An alternative to challenging thoughts is to let them go. Our thoughts, both pleasant and upsetting ones float in and out of our conscious minds and a rapid rate. We are thinking machines and sometimes operate like factories churning out thoughts. We try and sell these over-abundant products to ourselves at any price. They roll off the production line in rapid succession. Mindfulness is like being a very choosy customer. We don't need to buy every thought that's offered. In fact, we don't even need to touch it. We can let the thoughts just roll on by. We can observe them, but when we're mindful, we don't let any one thought occupy us for long. We observe it, we don't judge it, and we let it go. The conveyor belt taketh away just as well as it giveth. To foster calm, decide to be mindful and let those thoughts go.
A number of members mentioned accepting the current reality, without fighting it, as a strategy. The interior dialog might go something like, "I'm getting that feeling. My heart is doing that thing and my anxiety is building. I'm afraid I'm going to panic. But I can handle it. I will breathe and be calm in spite of my fear. I will not die from this, this will pass as it always has." Acceptance works for a lot of stuff. Victor Frankl wrote that the concentration camp prisoners who survived their ordeal the best were the ones who made up their minds to accept their plight as a reality to be dealt with.
We've all felt the benefits is a brisk walk, a jog, a run, swim, or a bike ride for giving us a more relaxed outlook. Is it because our bodies are distracted by physical exertion so it doesn't bother with the mental kind? Is it because using our muscles to raise our heart rate puts to good use any excess stress hormones (cortisol and adrenaline) we've produced unnecessarily? Is it because exercise raises our seritonin and endorphin levels? (Seritonin is our mood-stabilizing neurotransmitter and endorphins [there are more than 20 kinds] are the neurotransmitters that act as our own natural pain-killers and sedatives.) I don't know, but the result speak for themselves.
This is one you might not have heard of. But it works. Take a deep breath right now and give it a try if you don't believe me. Close your eyes and put one palm over the occipital lobes of your brain (you'll find them under those two bony protuberances at the back of your skull). This is where a lot of memories are stored. Put the other palm over your frontal lobes (they're those giant brain structures in the front of the skull where our executive functions are processed). Now breath slowly and just hold that pose. Keep your eyes closed and just think about calmness. You don't have to think about calmness, but the feeling of the hands on these parts of our head will kind of take over. Is there energy being exchanged? Absorbed? I don't know. But when we tried this on Wednesday, the group liked the feeling we got a lot.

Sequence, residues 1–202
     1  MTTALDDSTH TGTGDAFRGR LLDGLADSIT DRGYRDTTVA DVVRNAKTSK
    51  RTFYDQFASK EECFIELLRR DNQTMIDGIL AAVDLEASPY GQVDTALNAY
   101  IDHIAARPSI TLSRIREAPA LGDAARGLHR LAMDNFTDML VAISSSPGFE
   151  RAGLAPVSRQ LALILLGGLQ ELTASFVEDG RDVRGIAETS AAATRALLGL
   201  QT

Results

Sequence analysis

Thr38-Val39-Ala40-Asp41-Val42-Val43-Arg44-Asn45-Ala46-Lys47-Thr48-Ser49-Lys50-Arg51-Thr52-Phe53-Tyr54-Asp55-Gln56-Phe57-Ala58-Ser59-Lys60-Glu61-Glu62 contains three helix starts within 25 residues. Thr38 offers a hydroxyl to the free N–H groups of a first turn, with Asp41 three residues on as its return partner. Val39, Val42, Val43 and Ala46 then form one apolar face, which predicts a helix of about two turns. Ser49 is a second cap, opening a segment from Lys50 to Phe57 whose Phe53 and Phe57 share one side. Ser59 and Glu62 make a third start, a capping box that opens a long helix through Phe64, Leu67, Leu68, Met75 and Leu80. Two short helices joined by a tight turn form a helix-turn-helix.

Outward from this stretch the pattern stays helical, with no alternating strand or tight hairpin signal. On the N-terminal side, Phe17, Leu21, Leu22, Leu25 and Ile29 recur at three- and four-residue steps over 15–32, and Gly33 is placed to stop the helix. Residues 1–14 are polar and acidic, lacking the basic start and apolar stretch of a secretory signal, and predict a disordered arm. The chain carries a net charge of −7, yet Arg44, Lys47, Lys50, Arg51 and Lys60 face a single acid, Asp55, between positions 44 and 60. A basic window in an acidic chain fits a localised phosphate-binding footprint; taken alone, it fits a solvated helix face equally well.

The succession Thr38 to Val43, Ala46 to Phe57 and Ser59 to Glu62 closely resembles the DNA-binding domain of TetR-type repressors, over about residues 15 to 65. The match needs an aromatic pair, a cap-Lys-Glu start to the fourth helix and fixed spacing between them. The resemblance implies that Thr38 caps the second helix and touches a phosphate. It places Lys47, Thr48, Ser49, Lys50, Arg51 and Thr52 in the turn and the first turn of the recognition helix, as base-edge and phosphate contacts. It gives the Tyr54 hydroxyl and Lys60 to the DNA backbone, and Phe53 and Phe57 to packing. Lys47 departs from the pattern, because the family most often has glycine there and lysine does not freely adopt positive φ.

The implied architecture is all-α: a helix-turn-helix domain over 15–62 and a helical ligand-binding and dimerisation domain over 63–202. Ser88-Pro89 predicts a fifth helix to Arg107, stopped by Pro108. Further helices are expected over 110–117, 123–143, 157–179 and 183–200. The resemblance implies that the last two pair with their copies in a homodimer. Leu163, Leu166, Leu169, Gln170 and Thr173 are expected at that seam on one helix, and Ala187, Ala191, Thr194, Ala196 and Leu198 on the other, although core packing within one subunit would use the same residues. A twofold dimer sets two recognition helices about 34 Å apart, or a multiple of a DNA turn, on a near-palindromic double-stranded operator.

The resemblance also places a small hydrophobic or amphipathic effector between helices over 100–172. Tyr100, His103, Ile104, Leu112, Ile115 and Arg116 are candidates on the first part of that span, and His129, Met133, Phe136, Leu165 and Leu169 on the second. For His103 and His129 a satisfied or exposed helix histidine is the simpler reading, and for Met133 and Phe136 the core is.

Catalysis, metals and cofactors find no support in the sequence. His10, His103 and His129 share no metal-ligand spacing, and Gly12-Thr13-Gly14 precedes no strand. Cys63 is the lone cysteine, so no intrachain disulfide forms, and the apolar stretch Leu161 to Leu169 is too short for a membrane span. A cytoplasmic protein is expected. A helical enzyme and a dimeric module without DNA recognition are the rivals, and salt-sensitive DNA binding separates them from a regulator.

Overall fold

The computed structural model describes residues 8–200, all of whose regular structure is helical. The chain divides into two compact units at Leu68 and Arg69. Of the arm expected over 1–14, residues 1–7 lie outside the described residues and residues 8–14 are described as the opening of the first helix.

SLEEP ON IT
It's not practical to take a nap during a panic attack (though some group members reported waking up in a panic at times), but good sleep hygiene was cited as a way to ward off high levels of anxiety. Bad sleep is closely correlated with anxiety symptoms. Once we get into a bad sleep cycle it can be come a self-fulfilling prophesy, so the sooner we attend to healthy sleep practices the better. There are just as many ways to sleep well as there are to sleep poorly. Try everything and don't let yourself get into a counterproductive rut. You'll notice the difference all day.
This is another tool that is more strategic than tactical, but try it. Journaling about the things that bother us, the things we see as obstacles in our lives, and the things we want to accomplish is a time-tested way to get to know yourself better. And knowing yourself—as weird or alien or scary as it may sound—is a good way to understand what's really going on. Your panic didn't come from no where, even if it feels that way. Journaling can be a soothing way to make friends with that frightened, anxious person inside whom you've maybe been avoiding.
The emergency first aid tricks above can be used whenever you feel panic rising in you. (And the last two are good for before and after.) Instead of feeling helpless in the face of an impending attack, tell yourself that you have tools at your disposal, and that using them will be just what you need for now. You can do it. You are definitely good enough. You've done plenty of hard things before. This is just another one. You're going to be okay!